We Need to Talk About Depression- Part 1, Where it All Began

September 17, 2017



Allow me to start from the very beginning...

On a Thursday November morning, I sleepily swatted the alarm on my phone to snooze whilst glancing at the screen, one eye probably still closed. 7.00am. My alarm rang as it habitually would on a work day. It was winter and my flat was bitterly cold so the urge to burrow myself inside my duvet and hide from the outside world wasn't foreign. What followed five minutes later were puddles meandering from my lashes to my lips and panic washing over my body like the tide beating the shore. I looked around the walls of my bedroom- the colour of storm clouds, threatening and angry and I felt alone in the world. Tucked away in a tiny apartment in an unknown street of Ourense, the worth of my existence hit me...

I was a loner. Nobody loved me. I was a burden. I was stupid. People pitied me.

My chest tightened and I struggled to find air. I was choking on my own breath and panic flooded my system. Self-depreciating thoughts fuelled my tears and the taste of salt stung my lips. Minutes passed, each becoming more bearable than the last, and finally, after what felt like a lifetime, I summoned the courage to leave my duvet haven and get ready for the day. Duty called and I hoped my students would distract me. The next two hours were a blur and when my colleague asked if I was okay, I broke down again.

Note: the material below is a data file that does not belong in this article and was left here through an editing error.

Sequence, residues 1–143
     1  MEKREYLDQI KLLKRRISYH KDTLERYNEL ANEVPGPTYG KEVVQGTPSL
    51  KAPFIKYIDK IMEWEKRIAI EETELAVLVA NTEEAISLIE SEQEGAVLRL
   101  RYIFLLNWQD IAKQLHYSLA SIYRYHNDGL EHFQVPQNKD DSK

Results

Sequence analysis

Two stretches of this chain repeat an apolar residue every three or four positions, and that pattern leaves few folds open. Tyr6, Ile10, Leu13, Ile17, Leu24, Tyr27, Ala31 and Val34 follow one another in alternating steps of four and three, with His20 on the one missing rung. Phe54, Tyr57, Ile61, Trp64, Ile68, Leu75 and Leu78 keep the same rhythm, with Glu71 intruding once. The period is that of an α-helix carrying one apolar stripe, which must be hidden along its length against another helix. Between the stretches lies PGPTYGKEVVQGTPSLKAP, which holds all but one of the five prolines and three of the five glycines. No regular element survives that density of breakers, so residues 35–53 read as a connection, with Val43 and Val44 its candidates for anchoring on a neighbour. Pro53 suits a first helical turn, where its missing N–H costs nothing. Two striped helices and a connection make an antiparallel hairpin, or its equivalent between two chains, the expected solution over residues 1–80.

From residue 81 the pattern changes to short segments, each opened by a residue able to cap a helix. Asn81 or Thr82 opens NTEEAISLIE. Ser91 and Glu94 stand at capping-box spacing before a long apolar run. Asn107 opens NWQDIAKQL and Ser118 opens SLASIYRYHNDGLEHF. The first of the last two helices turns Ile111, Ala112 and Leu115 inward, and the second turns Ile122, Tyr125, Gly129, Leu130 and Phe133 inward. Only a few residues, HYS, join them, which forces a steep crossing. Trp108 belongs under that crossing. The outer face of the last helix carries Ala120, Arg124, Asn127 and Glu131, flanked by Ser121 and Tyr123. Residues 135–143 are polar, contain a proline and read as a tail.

Days like that became the norm over the next four months. I spent December in Australia calling home and crying, feeling cast away on an asteroid. In my heart, I knew I had everything anybody could want and more. In fact, when my friend Emily came to visit me in April, I recounted my struggles to her. They left her dumbfounded... "But you have the perfect life... I see it on your Instagram." she stumbled. I was living the life I had always dreamed of but I felt as if I were frozen in a block of ice; I knew people were trying to chisel away at the prison I was encased in but to no avail. I felt cold and alone. My heart longed to feel the embraces from the people around me but I'd been trapped and nothing could penetrate that distance between the world and I. Slowly, I start backing away from society- I stop accepting invitations to social engagements, I burrow myself away at home and days pass when I only speak when spoken to. Let's remember that I'm living away from my family- the people who know me inside out. Sometimes, I have to pinch myself to make sure I’m still alive. A mould has grown and made my soul home and I’m hopeless to fight it.


Let's skip forward three months... It's February and I have to go to England due to a family emergency. Here, I visit a doctor and he prescribes me with a daily dose of Sertraline. 50mg. An alarm rings through my head as I recall stories of feeling akin to a zombie, the stigma surrounding antidepressants and the supposed addiction. Am I crazy? Aren't antidepressants for depressed people? Like, seriously depressed people? It was my Mum who reassured me that it was fine, "a low dosage, nothing to worry about" are her soothing words. Mother knows best. I swallowed my first pill.

There are a few misunderstandings/ misconceptions about antidepressants-

1. They’re only for the desperate.

A huge percentage of people are on them. In 2016, 64.7 million antidepressants were prescribed on the NHS according to NHS Digital. A decade ago, it was half that amount. They are the medicinal area with the largest increase in prescriptions of 2016. I say that this speaks volumes about the mental state of the UK and how we are tackling this problem as a nation.